THING OF THE WEEK
PRETTY FLY… Manchester United, City, Sale Sharks, Altrincham FC. Greater Manchester has its fair share of sporting titans across a wide range of disciplines, not to mention hosting the Commonwealth Games in 2002. But if council chief executive Joanne Roney gets her way, the city could play host to something a bit different: a fly fishing world championship. Speaking at the Manchester MIPIM dinner on Wednesday, Roney picked out her quotes of the week, including from Tom Fenton of FEC, whose presentation on the Northern Gateway outlined the chance of a green corridor from NOMA to Collyhurst. This could open up the River Irk for cycling, walking, and fly fishing. While Roney had to admit to a “frantic Google” to find the nuances of the sport, she gave her enthusiastic backing to the idea of bringing international fly fishing competitions to the city. If she fancies a fact-finding mission, the next championship takes place in September in Trentino, Italy.
PUN-DIT… Seemingly anyone operating in the property sector has to get to grips with sporting analogies, whether you’re a fan or not. The prize for the most elaborate football comparison this week, appropriately, goes to Gary Neville. Perhaps of all people, as a former football professional, he can be forgiven.
“It feels like we were two-nil down to City in the first half and now we can pull it back in the second": @GNev2 on the process to get St Michael's over the line @PlaceNorthWest https://t.co/2qckJmi5DG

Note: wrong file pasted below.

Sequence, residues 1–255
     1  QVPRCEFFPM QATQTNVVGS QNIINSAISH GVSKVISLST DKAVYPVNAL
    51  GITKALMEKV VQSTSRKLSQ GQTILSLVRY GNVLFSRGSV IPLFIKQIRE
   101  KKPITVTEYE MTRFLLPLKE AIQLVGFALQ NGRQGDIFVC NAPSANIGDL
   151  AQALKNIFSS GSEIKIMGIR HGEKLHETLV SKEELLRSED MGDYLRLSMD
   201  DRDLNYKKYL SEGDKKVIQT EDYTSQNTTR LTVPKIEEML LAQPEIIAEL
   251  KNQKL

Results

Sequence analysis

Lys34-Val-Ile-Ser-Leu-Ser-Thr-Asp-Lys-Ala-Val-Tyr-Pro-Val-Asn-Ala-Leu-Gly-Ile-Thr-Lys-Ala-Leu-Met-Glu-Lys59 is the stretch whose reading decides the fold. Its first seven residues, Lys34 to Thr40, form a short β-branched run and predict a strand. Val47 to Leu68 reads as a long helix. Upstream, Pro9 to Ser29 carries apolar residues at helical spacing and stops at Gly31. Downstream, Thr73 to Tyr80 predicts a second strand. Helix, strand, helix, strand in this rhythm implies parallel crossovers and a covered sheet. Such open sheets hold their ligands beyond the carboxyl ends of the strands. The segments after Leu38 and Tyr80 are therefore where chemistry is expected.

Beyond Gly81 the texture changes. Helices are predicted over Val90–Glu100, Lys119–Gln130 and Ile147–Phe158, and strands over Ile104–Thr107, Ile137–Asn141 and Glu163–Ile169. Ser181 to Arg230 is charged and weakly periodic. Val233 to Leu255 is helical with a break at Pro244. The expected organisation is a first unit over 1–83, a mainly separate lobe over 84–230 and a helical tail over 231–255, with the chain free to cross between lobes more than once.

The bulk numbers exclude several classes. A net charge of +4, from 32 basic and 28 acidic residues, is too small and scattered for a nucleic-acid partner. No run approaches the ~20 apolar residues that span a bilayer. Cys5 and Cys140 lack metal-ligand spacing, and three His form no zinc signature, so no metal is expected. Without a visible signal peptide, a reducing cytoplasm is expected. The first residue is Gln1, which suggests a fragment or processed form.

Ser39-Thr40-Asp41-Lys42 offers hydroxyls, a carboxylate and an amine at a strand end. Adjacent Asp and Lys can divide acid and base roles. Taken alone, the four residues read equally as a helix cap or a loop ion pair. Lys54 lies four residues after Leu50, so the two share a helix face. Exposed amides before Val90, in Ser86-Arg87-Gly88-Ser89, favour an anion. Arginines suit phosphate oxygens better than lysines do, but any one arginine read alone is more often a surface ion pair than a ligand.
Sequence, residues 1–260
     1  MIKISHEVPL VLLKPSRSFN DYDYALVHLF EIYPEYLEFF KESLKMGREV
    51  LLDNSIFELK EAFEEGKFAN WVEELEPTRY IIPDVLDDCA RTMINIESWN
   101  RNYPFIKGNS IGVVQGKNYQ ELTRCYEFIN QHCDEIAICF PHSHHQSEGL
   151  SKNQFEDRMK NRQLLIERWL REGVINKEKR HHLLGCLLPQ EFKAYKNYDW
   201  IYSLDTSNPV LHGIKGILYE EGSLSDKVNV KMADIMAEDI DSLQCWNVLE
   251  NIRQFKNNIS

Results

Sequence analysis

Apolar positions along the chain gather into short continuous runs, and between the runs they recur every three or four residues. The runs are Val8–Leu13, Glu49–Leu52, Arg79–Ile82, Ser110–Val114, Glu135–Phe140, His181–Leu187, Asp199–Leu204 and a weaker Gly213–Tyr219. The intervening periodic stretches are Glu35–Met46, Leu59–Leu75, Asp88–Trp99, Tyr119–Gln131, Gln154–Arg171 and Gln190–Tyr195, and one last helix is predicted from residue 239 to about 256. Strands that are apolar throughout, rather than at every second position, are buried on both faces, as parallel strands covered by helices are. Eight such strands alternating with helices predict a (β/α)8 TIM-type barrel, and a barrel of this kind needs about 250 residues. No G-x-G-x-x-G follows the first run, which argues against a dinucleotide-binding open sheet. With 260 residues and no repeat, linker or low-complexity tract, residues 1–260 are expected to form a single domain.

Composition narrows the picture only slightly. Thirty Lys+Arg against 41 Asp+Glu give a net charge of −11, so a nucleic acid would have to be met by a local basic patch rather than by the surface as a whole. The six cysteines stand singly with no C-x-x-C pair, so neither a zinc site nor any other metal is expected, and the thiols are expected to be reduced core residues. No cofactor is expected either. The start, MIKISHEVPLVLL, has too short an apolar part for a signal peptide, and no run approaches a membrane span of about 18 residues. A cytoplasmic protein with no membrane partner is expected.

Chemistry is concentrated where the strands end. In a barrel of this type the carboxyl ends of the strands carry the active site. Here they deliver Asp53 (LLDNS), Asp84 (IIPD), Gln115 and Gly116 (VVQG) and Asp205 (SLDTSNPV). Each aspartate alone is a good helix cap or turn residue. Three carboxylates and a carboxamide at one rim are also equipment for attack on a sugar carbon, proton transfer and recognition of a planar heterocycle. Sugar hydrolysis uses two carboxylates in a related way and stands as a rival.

— Charlie Schouten (@charlieschouten) March 15, 2018
SCANDI COOL… Arguably the three coolest city stands down in the depths of the Palais bunker were Copenhagen, Helsinki and Oslo, the latter featuring rather tasty curved timber walling that made its meeting area feel like an actual bar, rather than an exhibition stand with beer. Their Architect Pale Ale was fairly tasty too, right up there with the Liverpool Craft Beer Co’s Love Lane ale served up on the Liverpool stand as refreshment of the week.
POP-UP… The Healthy Cities debate hosted by Manchester saw Helsinki’s director of strategy Sana Mari Jantti explain the city’s “Restaurant Days”, cooked up by would-be start-ups frustrated by a tortuous planning regime for food and drink in the city. Anyone is allowed to set up a pop-up restaurant for the day. Greeted with initial horror, the events are now staged quarterly. All contributors to the session from that point on were asked “what would your pop-up be?” Audience ideas included Scouse, somewhat inevitably, and jambalaya, while Sir Richard Leese declared that he’d offer up roast lamb and bread & butter pudding: “Not very healthy, but as it’s only four times a year…”
ROOFY IN THE SKY… When one conference ends, a summit begins. Next week Manchester is hosting a Green Summit, and to highlight the potential the city has to improve its green spaces, architect AFL has partnered with Open to produce a detailed image and animation to show the possibilities of a ‘Park in the sky’, if all roofs were covered with vegetation. The initiative promotes the work of charity City of Trees, which aims to plant an additional three million trees across the North, and promote urban drainage, energy conservation, biodiversity and well-being.